The first response to the Mayor’s plans came from the black community – the black associate pastor of Temple Baptist Church, the Rev. Dorman Avery. (Since this is Smalbany, his wife taught me 10th grade English 5 years later.) The Reverend proposed a churchman’s committee to to “disturb becalmed Christians” and break down racial barriers in Albany Churches. He made this proposal when he spoke to laypersons in the Interchurchmen’s Fellowship luncheon at the First Reformed Church on January 10th. The Reverend urged the Committee to focus on housing discrimination and support of the proposed federal Metcalf-Baker bill that would outlaw housing discrimination in private housing.
Reverend Avery made the argument that making housing more accessible was a preferable means of church integration than having predominantly white churches in predominantly white neighborhoods invite black families to become parishioners He cited his own experience. The Temple Baptist Church. located on Clinton Ave. had made a conscious decision to remain in its location. As a result, the church was become increasingly integrated. (That part of the city became increasingly segregated, and within a decade, the neighborhood was mostly black, as was the church membership.)
January 10, 1961
The issue of racial integration and urban renewal was raised 2 days later, again in a a church group. In mid January(12th) a sociologist, Dr. Wheeler, from the State College of Education told the Layman’s League of the First Unitarian Church that fear of racial tension and problems was keeping the people of the South End, both black and white, from applying to live in the new integrated high rise housing projects. Dr. Wheeler indicated that while some South Enders would rather live in houses that were “ready fall down” than move into the integrated housing despite the fact that the apartments would be some of the “nicest in the city”. He concluded, however, by saying that the City officials were resourceful and would not permit the buildings to be unoccupied for long.
Hindsight is again 20/20. The Green St. projects never were racially integrated to any appreciable degree. They were, for the most part, occupied by black residents. Most of the white residents of the South End simply moved.
I have to think that the report of this meeting sent a shock wave through Albany. It chronicled overt prejudice – in your face and unmistakable racism. The genie was out of the bottle. For years racial issue had been buried or glossed over. But for many decades schools and even some churches has been integrated and if neighbors were not actually “neighborly”, there at least appeared to be a certain respect for each other.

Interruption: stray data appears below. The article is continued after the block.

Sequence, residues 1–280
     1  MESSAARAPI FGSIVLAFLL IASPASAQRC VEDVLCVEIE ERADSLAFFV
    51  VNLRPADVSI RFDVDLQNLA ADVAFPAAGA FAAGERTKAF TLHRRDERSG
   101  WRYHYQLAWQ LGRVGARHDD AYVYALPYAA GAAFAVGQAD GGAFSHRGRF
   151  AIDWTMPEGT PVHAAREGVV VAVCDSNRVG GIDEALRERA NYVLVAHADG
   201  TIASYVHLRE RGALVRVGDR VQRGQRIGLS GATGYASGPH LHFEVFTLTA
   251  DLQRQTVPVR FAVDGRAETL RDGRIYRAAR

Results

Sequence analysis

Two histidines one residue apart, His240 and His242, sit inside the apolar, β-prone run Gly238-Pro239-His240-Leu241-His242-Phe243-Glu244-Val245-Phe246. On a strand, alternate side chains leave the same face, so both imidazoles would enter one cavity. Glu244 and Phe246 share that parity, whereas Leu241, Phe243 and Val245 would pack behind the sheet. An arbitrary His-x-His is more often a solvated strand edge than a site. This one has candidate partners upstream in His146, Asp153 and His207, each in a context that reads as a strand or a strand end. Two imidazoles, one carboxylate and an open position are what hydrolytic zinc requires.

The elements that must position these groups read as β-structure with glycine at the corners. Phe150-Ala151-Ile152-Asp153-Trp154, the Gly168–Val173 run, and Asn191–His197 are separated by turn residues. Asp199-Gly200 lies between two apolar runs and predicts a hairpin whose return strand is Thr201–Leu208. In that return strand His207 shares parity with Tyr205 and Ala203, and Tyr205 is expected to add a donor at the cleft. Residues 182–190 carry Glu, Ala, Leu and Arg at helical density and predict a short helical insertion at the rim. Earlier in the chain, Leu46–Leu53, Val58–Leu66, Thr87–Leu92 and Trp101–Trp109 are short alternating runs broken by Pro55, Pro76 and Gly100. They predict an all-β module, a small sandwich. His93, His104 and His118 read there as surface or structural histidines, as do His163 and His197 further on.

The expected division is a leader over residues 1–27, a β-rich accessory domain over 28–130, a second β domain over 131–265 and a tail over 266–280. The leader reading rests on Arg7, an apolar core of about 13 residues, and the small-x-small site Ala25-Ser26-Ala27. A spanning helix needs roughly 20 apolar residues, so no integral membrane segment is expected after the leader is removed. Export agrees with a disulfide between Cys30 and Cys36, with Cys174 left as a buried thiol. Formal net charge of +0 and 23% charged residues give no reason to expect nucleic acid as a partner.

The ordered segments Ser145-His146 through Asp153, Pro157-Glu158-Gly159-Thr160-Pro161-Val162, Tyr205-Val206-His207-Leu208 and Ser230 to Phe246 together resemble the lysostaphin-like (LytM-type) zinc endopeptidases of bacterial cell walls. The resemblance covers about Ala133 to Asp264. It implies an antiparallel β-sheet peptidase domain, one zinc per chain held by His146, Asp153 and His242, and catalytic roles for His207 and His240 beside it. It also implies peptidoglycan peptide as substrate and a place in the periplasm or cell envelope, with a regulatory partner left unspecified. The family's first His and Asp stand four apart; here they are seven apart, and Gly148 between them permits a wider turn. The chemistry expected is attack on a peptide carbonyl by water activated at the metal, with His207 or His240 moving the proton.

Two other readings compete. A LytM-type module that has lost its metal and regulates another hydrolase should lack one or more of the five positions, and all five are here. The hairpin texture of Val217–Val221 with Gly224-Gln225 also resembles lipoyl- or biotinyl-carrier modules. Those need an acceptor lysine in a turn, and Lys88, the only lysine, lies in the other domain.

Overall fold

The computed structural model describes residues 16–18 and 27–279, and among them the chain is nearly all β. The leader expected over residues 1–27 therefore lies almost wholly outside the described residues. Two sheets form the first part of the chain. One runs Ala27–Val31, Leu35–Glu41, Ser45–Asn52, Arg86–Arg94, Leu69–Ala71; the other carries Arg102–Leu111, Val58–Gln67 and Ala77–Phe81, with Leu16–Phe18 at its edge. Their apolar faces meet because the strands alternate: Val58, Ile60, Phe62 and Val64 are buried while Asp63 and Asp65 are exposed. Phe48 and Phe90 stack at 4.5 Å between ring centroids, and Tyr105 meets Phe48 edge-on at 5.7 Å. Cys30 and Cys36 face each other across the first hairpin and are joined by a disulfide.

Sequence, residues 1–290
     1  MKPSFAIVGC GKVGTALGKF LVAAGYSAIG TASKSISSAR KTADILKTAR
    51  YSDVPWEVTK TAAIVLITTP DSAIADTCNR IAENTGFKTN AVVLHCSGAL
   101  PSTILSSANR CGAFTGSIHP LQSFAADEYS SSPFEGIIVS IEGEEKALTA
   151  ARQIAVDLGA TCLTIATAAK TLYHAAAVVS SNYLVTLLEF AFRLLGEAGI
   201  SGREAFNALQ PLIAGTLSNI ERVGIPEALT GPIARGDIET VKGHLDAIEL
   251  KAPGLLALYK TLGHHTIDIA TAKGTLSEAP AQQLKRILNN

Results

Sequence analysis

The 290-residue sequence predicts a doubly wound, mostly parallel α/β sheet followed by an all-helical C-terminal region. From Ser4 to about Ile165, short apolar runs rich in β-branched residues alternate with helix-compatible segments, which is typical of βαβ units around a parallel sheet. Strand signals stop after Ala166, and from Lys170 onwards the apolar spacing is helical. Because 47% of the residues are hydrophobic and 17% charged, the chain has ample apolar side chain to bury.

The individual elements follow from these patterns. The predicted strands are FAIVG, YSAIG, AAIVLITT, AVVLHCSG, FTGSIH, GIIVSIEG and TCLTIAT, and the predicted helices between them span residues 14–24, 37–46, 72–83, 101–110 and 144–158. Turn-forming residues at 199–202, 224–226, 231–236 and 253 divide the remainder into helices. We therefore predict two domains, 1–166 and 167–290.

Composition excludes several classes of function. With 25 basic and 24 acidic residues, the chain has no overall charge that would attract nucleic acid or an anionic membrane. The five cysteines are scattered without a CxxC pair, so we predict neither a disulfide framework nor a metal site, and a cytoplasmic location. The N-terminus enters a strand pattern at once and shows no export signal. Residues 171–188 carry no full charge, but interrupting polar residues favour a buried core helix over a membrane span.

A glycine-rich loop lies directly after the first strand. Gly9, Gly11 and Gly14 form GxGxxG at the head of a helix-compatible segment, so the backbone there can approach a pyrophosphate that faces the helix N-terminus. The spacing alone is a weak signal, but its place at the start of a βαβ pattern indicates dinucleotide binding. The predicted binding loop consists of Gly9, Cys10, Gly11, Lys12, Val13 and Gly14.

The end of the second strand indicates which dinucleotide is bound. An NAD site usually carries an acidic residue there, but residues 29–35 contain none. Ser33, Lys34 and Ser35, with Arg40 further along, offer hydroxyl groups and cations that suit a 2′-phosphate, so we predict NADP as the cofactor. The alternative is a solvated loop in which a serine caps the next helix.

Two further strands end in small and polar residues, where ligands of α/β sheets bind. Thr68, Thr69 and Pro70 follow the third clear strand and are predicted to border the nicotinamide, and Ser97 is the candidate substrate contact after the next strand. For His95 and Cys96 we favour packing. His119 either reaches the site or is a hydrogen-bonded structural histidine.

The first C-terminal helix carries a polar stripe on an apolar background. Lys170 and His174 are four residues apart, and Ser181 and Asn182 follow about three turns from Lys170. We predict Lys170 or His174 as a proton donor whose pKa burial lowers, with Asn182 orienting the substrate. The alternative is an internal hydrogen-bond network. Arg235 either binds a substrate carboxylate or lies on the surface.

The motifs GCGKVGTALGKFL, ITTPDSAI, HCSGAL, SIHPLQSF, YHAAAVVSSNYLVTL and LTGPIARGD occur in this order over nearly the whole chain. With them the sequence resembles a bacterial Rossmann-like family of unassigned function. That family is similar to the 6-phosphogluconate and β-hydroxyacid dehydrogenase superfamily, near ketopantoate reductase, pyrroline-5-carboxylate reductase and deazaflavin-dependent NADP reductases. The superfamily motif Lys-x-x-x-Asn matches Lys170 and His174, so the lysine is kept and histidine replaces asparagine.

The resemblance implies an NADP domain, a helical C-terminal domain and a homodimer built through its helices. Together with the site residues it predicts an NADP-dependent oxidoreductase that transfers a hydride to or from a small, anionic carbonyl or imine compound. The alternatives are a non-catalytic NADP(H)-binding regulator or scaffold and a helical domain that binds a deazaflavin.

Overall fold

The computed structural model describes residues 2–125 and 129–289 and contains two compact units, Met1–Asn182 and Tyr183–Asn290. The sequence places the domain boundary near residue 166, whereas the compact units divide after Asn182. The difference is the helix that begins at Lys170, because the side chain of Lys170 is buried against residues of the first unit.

But the post World War II black migration to the North, increasing middle class and westward expansion in the City began to change the demography of Albany. The population increased to its highest point in 1950. The poorest sections of the City were dangerously overcrowded. There were more absentee landlords purchasing investment properties.
Events in Albany would play out against the national backdrop of increasing racial tensions and the Civil Rights movement in the south. Everyday newspapers, TV and radio reported the events in Georgia, Mississippi and other southern states. Federal troops had been sent by Eisenhower and the Kennedy Administration would push desegregation with all its power. Powerful, eloquent and courageous black leaders were emerging who were giving voice to the disenfranchised.The delicate balance was about to be upset in Albany, as it was throughout the country.
January 13, 1961
More of the community started to take notice of the Mayor’s plans. In mid January a Citizens Committee comprised of local community leaders was formed to address general City planning issues, with the intent to ask the Mayor to confer with the Advisory Council for the North Albany project. Alas, none of the members had any direct relationship to the soon to be affected residential areas of the City, although the a representative of the Central Avenue Merchants Association was included. As we might say today, “lily white”.
Another group of 25 local business and professional men formed the Council of Community Relations to study, on an informal basis, racial concerns connected with Albany’s urban renewal plans. The group was established directly as a result of the meeting at the Unitarian Church earlier in the month. Yet again, none of the members were from the areas which would be directly affected.
Meanwhile the State Housing Commissioner, while speaking to the Capital Area Council of Churches was urging its members to sponsor middle income housing for seniors. He indicated there was $960 million available for state loans for private builders for such projects He recommended they take there message City Hall and suggested that if “apathy” continued, many upstate cities “would die”.
The plot had begun to thicken.